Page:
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Iterators (C# Programming Guide)

An iterator is a method, get accessor, or operator that performs a custom iteration over an array or collection class by using the yield keyword. The yield return statement causes an element in the source sequence to be returned immediately to the caller before the next element in the source sequence is accessed. Although you write an iterator as a method, the compiler translates it into a nested class that is, in effect, a state machine. This class keeps track of the position of the iterator as long the foreach loop on the client code continues.

NoteNote

To see what the compiler does behind the scenes, use the ILDASM.exe tool to view the intermediate language (IL) code that is generated for an iterator method.

An iterator is invoked from client code by using a foreach statement. For example, you can create an iterator for a class that returns the elements in reverse order, or that performs an operation on each element before the iterator returns it. When you create an iterator for your class or struct, you do not have to implement the whole IEnumerator interface. When the compiler detects your iterator, it will automatically generate the Current, MoveNext and Dispose methods of the IEnumerator or IEnumerator<T> interface.

  • An iterator is a section of code that returns an ordered sequence of values of the same type.

  • An iterator can be used as the body of a method, an operator, or a get accessor.

  • The iterator code uses the yield return statement to return each element in turn. yield break ends the iteration.

  • Multiple iterators can be implemented on a class. Each iterator must have a unique name just like any class member, and can be invoked by client code in a foreach statement as follows: foreach(int x in SampleClass.Iterator2){}.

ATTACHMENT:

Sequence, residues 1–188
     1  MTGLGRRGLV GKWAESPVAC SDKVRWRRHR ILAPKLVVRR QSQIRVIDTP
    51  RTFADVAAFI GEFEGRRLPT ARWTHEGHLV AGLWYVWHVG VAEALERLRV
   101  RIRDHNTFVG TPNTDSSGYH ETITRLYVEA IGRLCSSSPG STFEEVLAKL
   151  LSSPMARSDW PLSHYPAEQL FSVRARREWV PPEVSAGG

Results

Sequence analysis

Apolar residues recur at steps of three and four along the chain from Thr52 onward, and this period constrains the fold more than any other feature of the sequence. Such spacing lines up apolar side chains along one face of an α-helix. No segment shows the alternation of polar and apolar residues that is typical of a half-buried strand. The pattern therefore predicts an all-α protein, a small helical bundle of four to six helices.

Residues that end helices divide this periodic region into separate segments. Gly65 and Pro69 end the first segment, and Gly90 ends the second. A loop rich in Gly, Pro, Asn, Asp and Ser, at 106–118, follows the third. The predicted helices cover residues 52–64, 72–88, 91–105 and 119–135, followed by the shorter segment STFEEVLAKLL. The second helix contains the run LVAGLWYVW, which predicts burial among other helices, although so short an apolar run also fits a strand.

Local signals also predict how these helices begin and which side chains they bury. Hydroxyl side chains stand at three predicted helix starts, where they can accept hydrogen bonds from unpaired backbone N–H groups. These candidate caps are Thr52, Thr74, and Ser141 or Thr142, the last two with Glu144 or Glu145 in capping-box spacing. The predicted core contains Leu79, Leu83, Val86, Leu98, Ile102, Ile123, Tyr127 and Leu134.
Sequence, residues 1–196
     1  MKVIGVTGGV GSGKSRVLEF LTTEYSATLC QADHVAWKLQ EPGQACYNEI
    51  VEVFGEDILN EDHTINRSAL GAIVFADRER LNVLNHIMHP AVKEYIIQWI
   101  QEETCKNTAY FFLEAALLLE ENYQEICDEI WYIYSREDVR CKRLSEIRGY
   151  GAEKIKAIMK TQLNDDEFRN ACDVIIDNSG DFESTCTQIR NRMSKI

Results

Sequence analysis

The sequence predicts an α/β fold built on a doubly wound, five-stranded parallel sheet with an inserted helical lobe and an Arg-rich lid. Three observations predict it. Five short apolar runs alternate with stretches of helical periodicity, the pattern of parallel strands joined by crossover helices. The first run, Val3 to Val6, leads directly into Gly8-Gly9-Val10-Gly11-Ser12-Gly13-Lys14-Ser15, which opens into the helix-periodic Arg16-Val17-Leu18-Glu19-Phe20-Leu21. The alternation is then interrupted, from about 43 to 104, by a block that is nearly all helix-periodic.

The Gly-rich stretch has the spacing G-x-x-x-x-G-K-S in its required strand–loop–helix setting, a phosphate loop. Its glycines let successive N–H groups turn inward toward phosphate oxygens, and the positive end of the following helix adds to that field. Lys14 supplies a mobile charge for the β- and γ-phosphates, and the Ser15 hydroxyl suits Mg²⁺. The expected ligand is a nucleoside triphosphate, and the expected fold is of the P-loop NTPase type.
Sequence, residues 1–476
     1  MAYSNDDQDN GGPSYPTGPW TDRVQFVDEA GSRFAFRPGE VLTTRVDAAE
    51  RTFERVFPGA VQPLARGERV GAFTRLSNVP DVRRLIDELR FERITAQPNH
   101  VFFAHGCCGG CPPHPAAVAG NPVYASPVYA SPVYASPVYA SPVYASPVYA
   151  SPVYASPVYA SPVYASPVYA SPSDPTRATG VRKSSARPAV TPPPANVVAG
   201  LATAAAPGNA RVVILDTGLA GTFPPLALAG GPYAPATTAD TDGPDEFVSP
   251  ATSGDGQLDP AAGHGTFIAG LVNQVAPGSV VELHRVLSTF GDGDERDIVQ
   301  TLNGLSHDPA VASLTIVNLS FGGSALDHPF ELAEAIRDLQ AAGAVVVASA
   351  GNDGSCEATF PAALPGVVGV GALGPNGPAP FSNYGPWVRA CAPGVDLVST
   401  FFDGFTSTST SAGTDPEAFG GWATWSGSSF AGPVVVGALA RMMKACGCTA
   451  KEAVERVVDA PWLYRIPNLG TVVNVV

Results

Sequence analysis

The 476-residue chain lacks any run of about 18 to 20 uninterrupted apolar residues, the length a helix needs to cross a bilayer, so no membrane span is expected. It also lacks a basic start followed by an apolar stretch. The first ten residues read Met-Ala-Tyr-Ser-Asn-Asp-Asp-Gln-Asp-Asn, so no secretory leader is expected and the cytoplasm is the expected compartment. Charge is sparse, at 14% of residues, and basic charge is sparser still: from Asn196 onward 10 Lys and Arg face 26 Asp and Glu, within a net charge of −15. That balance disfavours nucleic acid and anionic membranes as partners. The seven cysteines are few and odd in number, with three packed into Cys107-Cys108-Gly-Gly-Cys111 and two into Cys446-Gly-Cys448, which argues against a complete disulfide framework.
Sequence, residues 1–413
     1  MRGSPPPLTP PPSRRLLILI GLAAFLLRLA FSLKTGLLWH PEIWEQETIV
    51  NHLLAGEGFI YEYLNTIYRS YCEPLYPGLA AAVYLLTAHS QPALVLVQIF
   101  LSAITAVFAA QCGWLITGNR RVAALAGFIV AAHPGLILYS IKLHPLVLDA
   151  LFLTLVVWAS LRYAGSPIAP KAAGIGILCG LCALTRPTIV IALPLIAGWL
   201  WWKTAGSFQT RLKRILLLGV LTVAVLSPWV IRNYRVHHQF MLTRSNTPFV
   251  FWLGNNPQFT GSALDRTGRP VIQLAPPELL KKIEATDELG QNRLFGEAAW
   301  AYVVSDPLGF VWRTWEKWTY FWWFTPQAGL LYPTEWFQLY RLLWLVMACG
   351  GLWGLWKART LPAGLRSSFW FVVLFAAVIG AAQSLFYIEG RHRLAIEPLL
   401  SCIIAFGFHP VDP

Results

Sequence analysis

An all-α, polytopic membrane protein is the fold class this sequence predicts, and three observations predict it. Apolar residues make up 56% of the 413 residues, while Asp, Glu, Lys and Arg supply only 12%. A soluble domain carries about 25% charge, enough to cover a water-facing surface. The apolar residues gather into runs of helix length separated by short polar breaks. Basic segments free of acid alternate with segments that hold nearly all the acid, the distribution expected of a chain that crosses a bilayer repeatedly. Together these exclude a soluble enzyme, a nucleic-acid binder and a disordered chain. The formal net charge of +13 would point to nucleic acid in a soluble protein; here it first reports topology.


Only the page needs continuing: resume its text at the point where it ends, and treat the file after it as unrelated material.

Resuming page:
• The return type of an iterator must be IEnumerable, IEnumerator, IEnumerable<T>, or IEnumerator<T>.

  • Iterators are the basis for the deferred execution behavior in LINQ queries.

The yield keyword is used to specify the value, or values, that are returned. When the yield return statement is reached, the current location is stored. Execution is restarted from this location the next time that the iterator is called.

Iterators are especially useful with collection classes, providing an easy way to iterate complex data structures such as binary trees.

In this example, the DaysOfTheWeek class is a simple collection class that stores the days of the week as strings. After each iteration of a foreach loop, the next string in the collection is returned.


public class DaysOfTheWeek : System.Collections.IEnumerable
{
    string[] days = { "Sun", "Mon", "Tue", "Wed", "Thr", "Fri", "Sat" };

    public System.Collections.IEnumerator GetEnumerator()
    {
        for (int i = 0; i < days.Length; i++)
        {
            yield return days[i];
        }
    }
}

class TestDaysOfTheWeek
{
    static void Main()
    {
        // Create an instance of the collection class
        DaysOfTheWeek week = new DaysOfTheWeek();

        // Iterate with foreach
        foreach (string day in week)
        {
            System.Console.Write(day + " ");
        }
    }
}
// Output: Sun Mon Tue Wed Thr Fri Sat


For more information, see the C# Language Specification. The language specification is the definitive source for C# syntax and usage.

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